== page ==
Of 234 uni-directional, unimpeded spawns that were assessed, 94.9% occurred against flow, 2.6% with flow, and 2.6% perpendicular to flow. Of 247 uni-directional, unimpeded attempts that were assessed, 97.9% occurred against flow, 1.6% with flow, and 0.4% perpendicular to flow.

The number of participants engaged in a given spawn or attempt ranged from two to seven (Fig. 5). Most spawns occurred between one female and one male (57.6% of 627 spawns in which the sex and number of participants could be determined) or one female and two males (25.1%). Most attempts occurred between two males (55.2% of 424 attempts in which the sex and number of participants could be determined) or between one female and one male (24.1%).

Fig. 5
figure 5

The number and sex of participants in spawns and attempts (N = 17 trials). On the y-axis, the number of female participants is followed by F, the number of males is followed by M, and a dash separates the number of each sex. Sex ratios are listed from bottom to top in increasing order of the number of female participants, followed by increasing number of male participants. Black bars indicate the number of spawns. Gray bars indicate the number of attempts. A total of 629 spawns and 424 attempts were observed in which the sex and number of participants could be determined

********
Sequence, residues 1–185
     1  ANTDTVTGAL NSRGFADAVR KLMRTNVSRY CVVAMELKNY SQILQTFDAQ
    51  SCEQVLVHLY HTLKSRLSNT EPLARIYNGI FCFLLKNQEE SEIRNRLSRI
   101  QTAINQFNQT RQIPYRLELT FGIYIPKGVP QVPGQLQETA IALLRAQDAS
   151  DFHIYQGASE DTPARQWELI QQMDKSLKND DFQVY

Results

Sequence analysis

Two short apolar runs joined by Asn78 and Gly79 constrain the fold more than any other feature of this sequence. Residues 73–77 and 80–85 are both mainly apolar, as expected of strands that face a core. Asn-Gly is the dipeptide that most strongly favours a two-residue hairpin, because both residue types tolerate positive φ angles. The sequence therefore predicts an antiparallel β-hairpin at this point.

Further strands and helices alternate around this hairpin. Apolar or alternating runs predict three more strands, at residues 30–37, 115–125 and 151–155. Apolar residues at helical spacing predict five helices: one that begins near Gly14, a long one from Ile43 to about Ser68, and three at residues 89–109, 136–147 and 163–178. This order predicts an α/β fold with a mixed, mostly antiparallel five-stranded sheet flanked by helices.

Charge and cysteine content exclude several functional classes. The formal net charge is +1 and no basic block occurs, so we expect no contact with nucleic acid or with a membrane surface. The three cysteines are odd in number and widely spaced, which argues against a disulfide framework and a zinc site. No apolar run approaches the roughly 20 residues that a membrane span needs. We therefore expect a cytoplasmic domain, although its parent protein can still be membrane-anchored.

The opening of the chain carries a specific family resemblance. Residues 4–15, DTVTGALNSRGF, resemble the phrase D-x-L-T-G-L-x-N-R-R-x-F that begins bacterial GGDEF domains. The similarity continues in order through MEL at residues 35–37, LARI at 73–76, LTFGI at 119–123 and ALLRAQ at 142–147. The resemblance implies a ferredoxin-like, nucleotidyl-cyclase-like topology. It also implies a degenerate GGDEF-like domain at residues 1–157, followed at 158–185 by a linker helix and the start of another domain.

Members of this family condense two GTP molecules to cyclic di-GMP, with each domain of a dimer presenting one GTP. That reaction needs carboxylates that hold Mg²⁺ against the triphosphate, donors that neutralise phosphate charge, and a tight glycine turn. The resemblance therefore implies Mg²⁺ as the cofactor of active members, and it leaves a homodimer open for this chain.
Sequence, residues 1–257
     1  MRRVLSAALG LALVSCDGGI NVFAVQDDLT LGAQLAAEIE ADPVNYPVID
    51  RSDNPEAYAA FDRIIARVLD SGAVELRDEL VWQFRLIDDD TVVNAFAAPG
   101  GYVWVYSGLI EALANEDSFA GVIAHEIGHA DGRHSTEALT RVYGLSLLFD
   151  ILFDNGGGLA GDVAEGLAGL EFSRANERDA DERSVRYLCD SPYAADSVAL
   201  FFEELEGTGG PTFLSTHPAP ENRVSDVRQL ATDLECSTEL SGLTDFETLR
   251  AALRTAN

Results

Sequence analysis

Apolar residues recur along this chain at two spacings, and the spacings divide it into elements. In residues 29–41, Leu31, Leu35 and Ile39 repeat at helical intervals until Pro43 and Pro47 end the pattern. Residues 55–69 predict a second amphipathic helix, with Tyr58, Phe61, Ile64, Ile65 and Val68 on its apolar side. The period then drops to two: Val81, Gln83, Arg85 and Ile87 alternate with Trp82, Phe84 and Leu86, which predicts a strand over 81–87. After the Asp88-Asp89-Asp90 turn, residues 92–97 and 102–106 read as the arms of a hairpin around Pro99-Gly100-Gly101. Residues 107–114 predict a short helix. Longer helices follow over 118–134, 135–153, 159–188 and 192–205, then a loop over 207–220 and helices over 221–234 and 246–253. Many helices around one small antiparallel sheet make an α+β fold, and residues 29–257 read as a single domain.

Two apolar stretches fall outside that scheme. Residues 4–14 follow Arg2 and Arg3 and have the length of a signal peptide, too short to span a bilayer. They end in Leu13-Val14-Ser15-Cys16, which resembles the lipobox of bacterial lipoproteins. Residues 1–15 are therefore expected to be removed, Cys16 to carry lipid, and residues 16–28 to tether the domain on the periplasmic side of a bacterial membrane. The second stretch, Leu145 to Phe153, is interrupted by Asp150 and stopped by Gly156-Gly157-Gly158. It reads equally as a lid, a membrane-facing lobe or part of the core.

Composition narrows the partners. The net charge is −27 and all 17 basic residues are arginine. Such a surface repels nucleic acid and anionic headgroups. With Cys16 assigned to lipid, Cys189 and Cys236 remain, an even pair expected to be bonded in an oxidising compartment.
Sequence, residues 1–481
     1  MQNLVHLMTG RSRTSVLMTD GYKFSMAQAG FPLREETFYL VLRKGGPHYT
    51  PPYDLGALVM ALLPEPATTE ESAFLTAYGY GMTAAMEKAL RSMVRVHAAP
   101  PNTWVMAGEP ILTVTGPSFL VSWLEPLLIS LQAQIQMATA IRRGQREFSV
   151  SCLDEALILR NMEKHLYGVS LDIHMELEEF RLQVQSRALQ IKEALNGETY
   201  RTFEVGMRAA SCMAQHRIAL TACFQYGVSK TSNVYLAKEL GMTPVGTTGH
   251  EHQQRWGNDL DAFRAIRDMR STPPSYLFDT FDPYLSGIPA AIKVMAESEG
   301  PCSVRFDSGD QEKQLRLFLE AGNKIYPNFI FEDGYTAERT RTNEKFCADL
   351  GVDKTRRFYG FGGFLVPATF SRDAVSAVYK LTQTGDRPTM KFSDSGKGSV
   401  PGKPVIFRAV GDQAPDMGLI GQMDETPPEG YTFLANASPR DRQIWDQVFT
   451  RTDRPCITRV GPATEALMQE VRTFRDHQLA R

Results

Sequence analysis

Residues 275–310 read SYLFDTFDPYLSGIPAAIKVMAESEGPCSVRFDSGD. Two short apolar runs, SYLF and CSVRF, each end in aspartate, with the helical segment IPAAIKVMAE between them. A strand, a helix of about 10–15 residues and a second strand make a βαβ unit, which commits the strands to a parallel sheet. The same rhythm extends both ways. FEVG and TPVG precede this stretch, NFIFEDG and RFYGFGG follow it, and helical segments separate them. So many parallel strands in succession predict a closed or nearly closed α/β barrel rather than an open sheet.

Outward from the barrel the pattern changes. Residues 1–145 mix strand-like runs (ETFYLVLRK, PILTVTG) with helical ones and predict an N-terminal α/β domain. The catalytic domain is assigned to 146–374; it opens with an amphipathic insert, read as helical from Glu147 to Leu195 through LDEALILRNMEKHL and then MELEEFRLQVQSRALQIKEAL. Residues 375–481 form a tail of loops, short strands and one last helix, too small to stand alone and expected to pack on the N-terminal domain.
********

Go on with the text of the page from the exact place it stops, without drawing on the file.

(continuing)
We found that substrate type did not affect the expression of spawning behavior, the frequency of spawning behaviors, or egg fertilization success. We also found that spawning occurred predominantly at night, with diurnal spawns occurring rarely. Furthermore, spawns most often occurred between a single female and one or two males, but could include up to seven participants under the conditions tested here. These results pertain specifically to cultured H. transpacificus under laboratory settings, yet provide life history information that could improve the management of this imperiled species.

Using an experimental design in which fish were exposed to only one substrate type at a time allowed us to demonstrate that cultured H. transpacificus can utilize many different spawning substrate types, regardless of substrate preference (e.g., Lindberg et al. 2020) and assuming that other spawning requirements are met. Our findings also suggest that substrate type is not an important cue to either triggering the onset of spawning behavior or determining the frequency of spawning behaviors, though it may be important to other aspects of spawning or life history, such as spawning site selection (e.g., Lindberg et al. 2020) and offspring survival. The willingness to spawn on varied substrate types may also exist in the wild population, as preliminary studies of wild-caught H. transpacificus show that they also spawn naturally on acrylic substrate in laboratory experiments when no choice is allowed (Y.-J. J. Tsai, personal observation). Instead, other factors, such as flow (Lindberg et al. 2020) or tidal cycle (Bennett 2005), may have a greater effect on spawning behavior and warrant further study.